Monday, September 7, 2015

Votre Mode 686 - Robe ou Tablier de Classe


[Class dress or apron] This unprinted tissue pattern was one of a lot of two.  The other pattern is a pull-out from the Votre Mode magazine.


The typeface and photos of women's fashions in the pull-out point to a 1950s date.  The tissue pattern might be a little earlier.   Just to the left of the boy's right arm you can just see the perforations from the tracing wheel used to trace off the pattern.

The fascinating site Historical Boys Clothes tells us that in France boys wore school smocks through the 1950s, and points out that until the economy recovered after WW II, putting smocks on your students would protect clothes that might have been expensive or difficult to replace.   I'd guess that boys would stop wearing smocks by the time they started wearing long pants.

The boy's smock in the pull-out pattern is described as being made up in black satinette, a smooth-faced cotton fabric, with a white pique collar.  Here's a fine example of boy in his smock in a painting by Balthus:


The girls' smocks are a little less dreary - one in a solid cotton fabric, the other in a "vichy quadrille," or gingham, which is used on the bias to provide decorative bands on the yoke and pockets.

I was intrigued to find this example of a commercially produced smock in an Etsy shop.  Note the front yoke on the bias, and then note that the plaid hasn't been matched on the back yokes.  This makes sense for a garment that's going to used hard and outgrown.

It would be interesting to learn how people felt about their school smocks.  Did they like them?  Was it nicer to have a new smock in the fall than a hand-me down?  Did those with home-made smocks envy those with store-bought smocks?

4 comments:

Joanne Noragon said...

I started school in the 40's, but in this country. We didn't wear smocks to school, but were obliged to change to play clothes immediately on coming in from school. "Hello. Go change your clothes," was the standard greeting.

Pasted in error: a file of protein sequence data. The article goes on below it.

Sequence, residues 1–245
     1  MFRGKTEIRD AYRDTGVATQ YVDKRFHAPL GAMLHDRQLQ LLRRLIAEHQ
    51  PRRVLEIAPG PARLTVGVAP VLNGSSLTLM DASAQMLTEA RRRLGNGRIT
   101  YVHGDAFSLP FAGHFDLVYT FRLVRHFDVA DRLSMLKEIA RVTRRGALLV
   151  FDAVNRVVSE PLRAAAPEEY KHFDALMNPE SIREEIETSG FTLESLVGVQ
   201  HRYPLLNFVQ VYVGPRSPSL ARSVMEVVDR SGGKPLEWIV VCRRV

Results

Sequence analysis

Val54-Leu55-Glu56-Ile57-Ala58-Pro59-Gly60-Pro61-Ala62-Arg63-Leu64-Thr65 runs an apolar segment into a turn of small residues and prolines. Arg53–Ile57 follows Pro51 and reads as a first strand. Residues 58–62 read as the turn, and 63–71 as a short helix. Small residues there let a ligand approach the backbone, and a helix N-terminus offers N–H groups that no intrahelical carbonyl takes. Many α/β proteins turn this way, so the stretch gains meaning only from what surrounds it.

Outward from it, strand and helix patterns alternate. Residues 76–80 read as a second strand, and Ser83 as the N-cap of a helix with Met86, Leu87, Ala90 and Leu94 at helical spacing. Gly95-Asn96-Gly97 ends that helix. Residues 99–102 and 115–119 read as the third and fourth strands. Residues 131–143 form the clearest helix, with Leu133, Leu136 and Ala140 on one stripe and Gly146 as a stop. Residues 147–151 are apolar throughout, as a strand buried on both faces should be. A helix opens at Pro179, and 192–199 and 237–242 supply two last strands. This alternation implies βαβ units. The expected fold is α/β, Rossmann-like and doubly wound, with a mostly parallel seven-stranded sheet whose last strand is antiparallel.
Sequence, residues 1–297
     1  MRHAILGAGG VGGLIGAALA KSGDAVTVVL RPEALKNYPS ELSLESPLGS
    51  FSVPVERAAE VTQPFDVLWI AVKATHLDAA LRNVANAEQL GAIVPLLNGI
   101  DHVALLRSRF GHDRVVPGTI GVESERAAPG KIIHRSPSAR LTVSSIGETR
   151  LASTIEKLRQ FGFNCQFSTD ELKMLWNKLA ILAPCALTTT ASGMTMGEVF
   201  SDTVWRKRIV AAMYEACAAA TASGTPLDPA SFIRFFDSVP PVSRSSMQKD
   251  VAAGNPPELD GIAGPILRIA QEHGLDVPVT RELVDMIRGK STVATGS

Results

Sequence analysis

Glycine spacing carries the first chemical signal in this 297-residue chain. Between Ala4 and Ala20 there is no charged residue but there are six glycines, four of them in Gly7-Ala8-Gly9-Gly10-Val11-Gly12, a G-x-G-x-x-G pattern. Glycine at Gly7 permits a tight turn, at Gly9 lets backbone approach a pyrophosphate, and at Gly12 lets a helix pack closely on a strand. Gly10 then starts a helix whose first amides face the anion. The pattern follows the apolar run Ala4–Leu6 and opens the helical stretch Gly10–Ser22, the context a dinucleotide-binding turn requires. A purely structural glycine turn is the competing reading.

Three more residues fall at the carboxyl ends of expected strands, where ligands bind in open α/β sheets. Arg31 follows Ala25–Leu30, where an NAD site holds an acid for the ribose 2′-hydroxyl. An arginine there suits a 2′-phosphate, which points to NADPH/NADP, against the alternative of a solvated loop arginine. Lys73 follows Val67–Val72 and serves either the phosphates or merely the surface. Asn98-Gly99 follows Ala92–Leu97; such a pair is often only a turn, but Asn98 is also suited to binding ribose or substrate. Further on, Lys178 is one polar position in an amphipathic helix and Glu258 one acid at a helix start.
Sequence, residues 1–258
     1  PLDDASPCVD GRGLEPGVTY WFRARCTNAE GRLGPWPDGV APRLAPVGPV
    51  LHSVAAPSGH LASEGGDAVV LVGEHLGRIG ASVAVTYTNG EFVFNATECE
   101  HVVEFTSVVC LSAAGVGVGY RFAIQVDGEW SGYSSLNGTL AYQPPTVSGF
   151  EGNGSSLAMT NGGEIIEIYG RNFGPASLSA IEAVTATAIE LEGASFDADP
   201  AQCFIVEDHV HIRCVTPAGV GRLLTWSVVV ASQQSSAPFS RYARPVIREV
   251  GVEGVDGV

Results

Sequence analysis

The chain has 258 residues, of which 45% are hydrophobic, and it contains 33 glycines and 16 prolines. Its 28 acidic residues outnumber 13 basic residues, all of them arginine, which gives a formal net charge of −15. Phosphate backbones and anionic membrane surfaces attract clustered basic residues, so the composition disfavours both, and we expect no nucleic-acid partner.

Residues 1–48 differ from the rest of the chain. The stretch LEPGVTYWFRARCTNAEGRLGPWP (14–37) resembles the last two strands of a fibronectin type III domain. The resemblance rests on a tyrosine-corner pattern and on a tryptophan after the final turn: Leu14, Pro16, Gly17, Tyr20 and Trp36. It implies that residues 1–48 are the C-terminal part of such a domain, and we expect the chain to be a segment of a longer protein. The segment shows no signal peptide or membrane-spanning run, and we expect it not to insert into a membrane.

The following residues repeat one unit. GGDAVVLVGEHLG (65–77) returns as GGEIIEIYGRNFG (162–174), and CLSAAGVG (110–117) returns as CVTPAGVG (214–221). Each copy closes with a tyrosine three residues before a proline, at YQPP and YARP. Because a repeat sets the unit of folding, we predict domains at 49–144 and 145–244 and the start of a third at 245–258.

Eve Benoit said...

I wore ecru smocks in North-Africa in the early sixties. The smock covered our own clothes. I did not mind them, all the school kids looked alike ! there was no "Fashion" for kids at that time, no "in" or "must have to be cool" clothes ! Back in Canada, I wore school uniforms until I was 17. I still think it is better that way. Life at school is hard enough without having "fashion" to worry about !

icicle said...

My mother was born in northwest France in 1936. She wore (and hated) her tablier d'ecole for school through the 1940s and into the early 50s there but she tells me the boys in her class did not wear them, only the girls. Another option, again just for girls, was a set of long sleeves, elastic at both ends to keep them in place. She had brothers in school during that time too and remembers being jealous that they did not have to cover up their nice clothes like she did. Perhaps it was not as prevalent for the boys as 'History' believes.

Aussie said...

I was at school in the 1960's in Australia. My mother had made me a dress - so it was a "one-off".
But Dianne, a girl doing housework for mum, was given a piece of leftover fabric from my dress. Her younger sister was in my class and she turned up with a homemade handkerchief in "MY" fabric. I was so indignant!